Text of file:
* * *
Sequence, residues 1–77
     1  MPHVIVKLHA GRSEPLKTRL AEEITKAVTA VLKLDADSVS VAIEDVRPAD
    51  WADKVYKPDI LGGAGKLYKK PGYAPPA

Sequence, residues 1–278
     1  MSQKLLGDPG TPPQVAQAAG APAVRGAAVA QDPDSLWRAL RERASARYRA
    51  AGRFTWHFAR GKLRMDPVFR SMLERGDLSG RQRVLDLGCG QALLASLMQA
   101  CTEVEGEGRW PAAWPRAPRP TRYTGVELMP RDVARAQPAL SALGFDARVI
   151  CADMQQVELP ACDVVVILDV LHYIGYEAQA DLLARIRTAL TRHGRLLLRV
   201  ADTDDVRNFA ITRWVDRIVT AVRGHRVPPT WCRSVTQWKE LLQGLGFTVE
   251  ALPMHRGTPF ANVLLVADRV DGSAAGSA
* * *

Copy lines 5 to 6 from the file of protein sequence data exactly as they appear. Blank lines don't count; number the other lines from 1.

     1  MSQKLLGDPG TPPQVAQAAG APAVRGAAVA QDPDSLWRAL RERASARYRA
    51  AGRFTWHFAR GKLRMDPVFR SMLERGDLSG RQRVLDLGCG QALLASLMQA